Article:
Whether it's showcasing more about your services or discussing relevant topics in your industry, make sure to set clear expectations for your viewers so they get excited for each new episode. Create custom posts for your social media platforms to generate some buzz around your upcoming series and let your audience know what they’ll be learning about. Although this could build some positive anticipation around your upcoming content, it will be the execution and consistency of the series that will truly build trust and validation in the relationship with your audience.
Remember that a video series is not necessarily intended to sell or promote your products and services. If you create a video show that provides value, educates, inspires or entertains, this will help you create an emotional connection with your audience. The idea is to create something that people would want to watch on their free time, engaging and without directly selling. Mailchimp’s Mailchimp Presents is a perfect example of this. They quickly realized the power of investing in videos, podcasts, and above all: stories. You can connect the value of the video with the main questions your sales people or customer service representatives get on a regular basis. If you create this alignment between the content on the series and your internal teams, you increase the probability of these videos being shared by everybody internally and the impact they will have.
“One thing is that great storytelling travels,”DiCristina from Mailchimp Pressents said. “The best stuff tends to rise to the top, and we obviously experienced that with Serial and other podcasts we’ve sponsored over the years. We’ve always been really supportive of and attracted to the types of stories that are resonant.”
You could begin your series with a sales-focused approach. If you’re in a creative block while trying to come up with topics, talk to your sales team. If you’re trying to figure out what would make for good content that directly impacts your business’ ideal viewers, create a list of questions your sales team gets frequently asked by existing or prospective clients. Chances are, an answer for your content block lies in that list! The series itself can become a sales engine for your company.
So, now you know which topics you want to cover in your series, but do you know how you want them conveyed to your audience? For Coffee Talks, we knew we wanted to keep a conversational element so that the message didn’t feel forced, so we decided on a more informal two-person setup because we were attracted to the simplicity of having two people dive into a given topic. At this point of the creative process, collaborate with your team to explore these questions and establish what tone fits best with the intention of your series.
When considering one or more settings for your episodes, keep in mind that you’ll ideally want the following to ensure efficient shooting:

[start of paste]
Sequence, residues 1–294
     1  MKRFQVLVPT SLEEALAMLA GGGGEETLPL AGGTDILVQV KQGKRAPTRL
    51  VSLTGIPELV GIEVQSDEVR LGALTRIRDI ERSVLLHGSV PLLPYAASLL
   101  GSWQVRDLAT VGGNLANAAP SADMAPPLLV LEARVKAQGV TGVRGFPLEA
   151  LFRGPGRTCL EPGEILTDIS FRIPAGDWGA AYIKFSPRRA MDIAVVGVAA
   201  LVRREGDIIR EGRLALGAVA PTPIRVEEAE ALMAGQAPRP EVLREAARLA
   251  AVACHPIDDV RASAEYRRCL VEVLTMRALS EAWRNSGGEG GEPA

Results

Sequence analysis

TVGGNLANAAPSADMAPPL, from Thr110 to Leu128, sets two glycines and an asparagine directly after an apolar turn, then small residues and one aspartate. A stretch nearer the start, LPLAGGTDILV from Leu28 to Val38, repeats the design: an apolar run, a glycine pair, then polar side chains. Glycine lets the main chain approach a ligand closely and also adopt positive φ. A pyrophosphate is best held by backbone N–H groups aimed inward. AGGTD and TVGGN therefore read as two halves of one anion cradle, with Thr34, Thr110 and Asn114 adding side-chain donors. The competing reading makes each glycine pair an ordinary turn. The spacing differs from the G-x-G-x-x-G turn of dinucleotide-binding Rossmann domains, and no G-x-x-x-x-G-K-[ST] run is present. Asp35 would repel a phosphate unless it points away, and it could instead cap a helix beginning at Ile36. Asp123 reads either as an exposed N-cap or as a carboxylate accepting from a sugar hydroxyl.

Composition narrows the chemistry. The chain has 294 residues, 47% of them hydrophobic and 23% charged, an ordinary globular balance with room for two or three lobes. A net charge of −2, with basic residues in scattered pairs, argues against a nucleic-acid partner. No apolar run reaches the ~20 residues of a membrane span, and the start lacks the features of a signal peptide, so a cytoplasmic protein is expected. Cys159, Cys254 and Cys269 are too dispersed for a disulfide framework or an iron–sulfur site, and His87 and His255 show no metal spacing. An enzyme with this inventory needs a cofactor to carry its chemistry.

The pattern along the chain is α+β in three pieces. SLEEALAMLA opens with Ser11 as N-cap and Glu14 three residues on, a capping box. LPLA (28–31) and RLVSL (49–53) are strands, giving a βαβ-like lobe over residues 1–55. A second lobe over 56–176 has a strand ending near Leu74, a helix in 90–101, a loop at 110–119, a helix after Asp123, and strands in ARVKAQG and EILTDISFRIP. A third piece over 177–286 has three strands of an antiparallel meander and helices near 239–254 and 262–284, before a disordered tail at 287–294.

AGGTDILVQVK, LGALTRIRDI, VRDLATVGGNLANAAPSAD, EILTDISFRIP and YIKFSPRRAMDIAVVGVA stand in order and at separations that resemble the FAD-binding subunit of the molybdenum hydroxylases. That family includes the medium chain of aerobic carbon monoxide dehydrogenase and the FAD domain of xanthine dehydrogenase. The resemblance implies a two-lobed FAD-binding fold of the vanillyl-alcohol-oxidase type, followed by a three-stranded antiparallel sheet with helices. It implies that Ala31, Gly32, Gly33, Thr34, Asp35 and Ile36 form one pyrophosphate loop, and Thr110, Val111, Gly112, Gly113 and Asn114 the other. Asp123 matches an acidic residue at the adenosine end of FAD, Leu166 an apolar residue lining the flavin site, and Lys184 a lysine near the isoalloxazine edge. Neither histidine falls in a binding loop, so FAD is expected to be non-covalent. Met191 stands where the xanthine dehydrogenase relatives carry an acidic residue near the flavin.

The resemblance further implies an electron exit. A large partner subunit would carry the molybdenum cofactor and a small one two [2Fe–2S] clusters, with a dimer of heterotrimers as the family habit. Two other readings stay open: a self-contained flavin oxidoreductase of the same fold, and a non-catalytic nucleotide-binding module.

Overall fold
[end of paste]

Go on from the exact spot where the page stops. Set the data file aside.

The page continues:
A conversational and formulaic video series might require one isolated setting while a more complex series might require several. In either case, planning out the video will be imperative to making sure you don’t forget to book a location or request proper access in advance. For each of your videos, especially ones involving multiple locations, you and your team should go one-by-one, discussing the entire episode and then make an action list to solidify any missing pieces. If you don’t have a well-thought-out plan, you’ll be playing catch up instead of designating more time to the execution phase of your series’ strategy. Consistency is key but planning is the latch.
For Coffee Talks “2.0,” we knew off the bat that we wanted to have everyone in our team involved. As experts in inbound marketing and with each person’s respective creative realm, we wanted the topics of each episode to be paired with the people who are closely involved with them. This is something that we practice even in our client videos. Who better to discuss what you do than you?
At a marketing agency, setting aside time to invest in your own engagement efforts can fall through the cracks because a majority of your time is spent helping your clients’ businesses grow. When getting started with episodic content, it’s important to not only get your team involved, but also to get them excited. Outside of initial creative brainstorming, we had a few group meetings to determine which scheduling structure would work best for everyone and then we made sure to keep those scheduled times sacred.
It’s important to view your videos series as its own brand. We all know what that first exciting step is when starting a new brand: picking a name! If you’re taking the sub-brand route, look for something that complements your business name or goals. Maybe a play on words or something that's less direct to avoid pigeon-holing yourself. This really depends on the content. Once you have one that you feel encompasses your series well, it’s time to dive into additional creative assets for your series. Create a logo and select your brand colors and fonts. Also, depending on the platform you plan to use to publish your series, create custom thumbnails for your episodes to further build the consistency component for your brand recognition.